This large-scale extended pedigree study of cognitive functioning in bipolar disorder identifies measures of processing speed, working memory, and declarative (facial) memory as candidate endophenotypes for bipolar disorder.

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    • "These studies addressed the influence of antecedents of schizophrenia or psychosis in the cognitive functioning of schizophrenic or bipolar patients but little is known regarding the influence of family loading of mood disorders on cognitive performance in these patients. However, there is evidence reporting that euthymic healthy first-degree relatives of bipolar patients showed impairment in cognitive domains, such as response inhibition, set shifting, verbal memory and target detection (Bora et al., 2010), and processing speed, working memory, and declarative memory (Glahn et al., 2010). Both studies lend support to the presence of cognitive impairment in family members of patients with affective disorders. "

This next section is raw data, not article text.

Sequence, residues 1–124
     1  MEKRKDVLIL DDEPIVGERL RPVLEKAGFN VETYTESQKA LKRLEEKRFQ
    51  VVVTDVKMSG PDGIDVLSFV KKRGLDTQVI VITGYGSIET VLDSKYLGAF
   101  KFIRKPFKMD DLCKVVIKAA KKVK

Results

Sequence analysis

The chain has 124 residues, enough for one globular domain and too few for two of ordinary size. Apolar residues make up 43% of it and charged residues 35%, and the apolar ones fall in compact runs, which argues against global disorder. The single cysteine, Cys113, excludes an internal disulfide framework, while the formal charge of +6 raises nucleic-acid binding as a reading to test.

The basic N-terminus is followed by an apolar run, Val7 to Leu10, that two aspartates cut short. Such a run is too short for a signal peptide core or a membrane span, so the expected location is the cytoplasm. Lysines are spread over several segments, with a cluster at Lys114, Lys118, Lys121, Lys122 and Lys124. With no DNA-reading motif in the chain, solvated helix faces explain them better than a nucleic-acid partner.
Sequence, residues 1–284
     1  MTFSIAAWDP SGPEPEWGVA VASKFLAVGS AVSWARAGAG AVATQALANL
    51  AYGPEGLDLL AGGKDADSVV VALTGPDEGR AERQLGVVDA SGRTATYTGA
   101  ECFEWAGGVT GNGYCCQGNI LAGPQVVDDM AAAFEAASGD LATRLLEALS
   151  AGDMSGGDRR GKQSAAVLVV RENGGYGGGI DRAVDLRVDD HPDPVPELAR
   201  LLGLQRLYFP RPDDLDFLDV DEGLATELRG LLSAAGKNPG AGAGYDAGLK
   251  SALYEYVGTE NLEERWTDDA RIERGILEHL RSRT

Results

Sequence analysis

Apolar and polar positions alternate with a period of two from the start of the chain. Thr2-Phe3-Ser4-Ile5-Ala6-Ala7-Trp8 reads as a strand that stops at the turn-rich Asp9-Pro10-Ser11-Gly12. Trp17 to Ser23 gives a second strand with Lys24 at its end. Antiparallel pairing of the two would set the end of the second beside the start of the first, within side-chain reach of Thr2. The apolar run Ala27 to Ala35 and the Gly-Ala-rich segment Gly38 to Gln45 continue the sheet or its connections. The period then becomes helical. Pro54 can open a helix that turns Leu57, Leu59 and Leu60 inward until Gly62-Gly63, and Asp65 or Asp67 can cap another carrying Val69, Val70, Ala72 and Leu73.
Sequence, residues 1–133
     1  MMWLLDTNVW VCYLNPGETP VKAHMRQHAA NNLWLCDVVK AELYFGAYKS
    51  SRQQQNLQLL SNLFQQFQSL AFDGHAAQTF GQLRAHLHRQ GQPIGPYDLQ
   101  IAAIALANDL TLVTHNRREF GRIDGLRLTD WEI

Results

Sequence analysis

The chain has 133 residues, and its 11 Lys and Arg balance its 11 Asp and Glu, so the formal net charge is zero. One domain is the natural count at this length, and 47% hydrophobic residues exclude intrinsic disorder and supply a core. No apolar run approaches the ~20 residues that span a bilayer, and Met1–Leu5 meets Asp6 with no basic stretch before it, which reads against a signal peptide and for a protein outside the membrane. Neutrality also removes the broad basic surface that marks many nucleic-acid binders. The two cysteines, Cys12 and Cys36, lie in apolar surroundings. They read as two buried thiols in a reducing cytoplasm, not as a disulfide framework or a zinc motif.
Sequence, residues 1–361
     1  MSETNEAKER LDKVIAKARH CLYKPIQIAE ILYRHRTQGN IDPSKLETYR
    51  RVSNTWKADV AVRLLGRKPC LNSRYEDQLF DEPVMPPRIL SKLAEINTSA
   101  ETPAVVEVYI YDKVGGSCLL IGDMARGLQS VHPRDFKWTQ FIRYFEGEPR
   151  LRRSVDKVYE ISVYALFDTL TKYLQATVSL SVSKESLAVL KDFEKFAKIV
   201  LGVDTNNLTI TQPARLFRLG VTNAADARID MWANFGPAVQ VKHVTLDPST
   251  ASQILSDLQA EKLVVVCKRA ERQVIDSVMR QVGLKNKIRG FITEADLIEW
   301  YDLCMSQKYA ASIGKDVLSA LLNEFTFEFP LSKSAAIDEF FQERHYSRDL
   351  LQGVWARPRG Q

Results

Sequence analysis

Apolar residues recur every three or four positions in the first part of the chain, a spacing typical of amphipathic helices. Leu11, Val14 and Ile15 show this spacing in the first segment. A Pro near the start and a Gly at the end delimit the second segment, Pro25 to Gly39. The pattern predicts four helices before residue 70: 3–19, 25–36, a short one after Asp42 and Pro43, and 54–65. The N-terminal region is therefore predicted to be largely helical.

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    ABSTRACT: Introduction: Phenotype definition of psychotic disorders has a strong impact on the degree of familial aggregation. Nevertheless, the extent to which distinct classification systems affect familial aggregation (ie, familiality) remains an open question. This study was aimed at examining the familiality associated with 4 nosologic systems of psychotic disorders (DSM-IV, ICD-10, Leonhard's classification and a data-driven approach) and their constituting diagnoses in a sample of multiplex families with psychotic disorders. Methods: Participants were probands with a psychotic disorder, their parents and at least one first-degree relative with a psychotic disorder. The sample was made of 441 families comprising 2703 individuals, of whom 1094 were affected and 1709 unaffected. Results: The Leonhard classification system had the highest familiality (h (2) = 0.64), followed by the empirical (h (2) = 0.55), DSM-IV (h (2) = 0.50), and ICD-10 (h (2) = 0.48). Familiality estimates for individual diagnoses varied considerably (h (2) = 0.25-0.79). Regarding schizophrenia diagnoses, Leonhard's systematic schizophrenia (h (2) = 0.78) had the highest familiality, followed by latent class core schizophrenia (h (2) = 0.74), DSM-IV schizophrenia (h (2) = 0.48), and ICD-10 schizophrenia (h (2) = 0.41). Psychotic mood disorders showed substantial familiality across nosologic systems (h (2) = 0.60-0.77). Domains of psychopathology other than reality-distortion symptoms showed moderate familiality irrespective of diagnosis (h (2) = 0.22-0.52) with the deficit syndrome of schizophrenia showing the highest familiality (h (2) = 0.66). Conclusions: While affective psychoses showed relatively high familiality estimates across classification schemes, those of nonaffective psychoses varied markedly as a function of the diagnostic scheme with a narrow schizophrenia phenotype maximizing its familial aggregation. Leonhard's classification of psychotic disorders may be better suited for molecular genetic studies than the official diagnostic systems.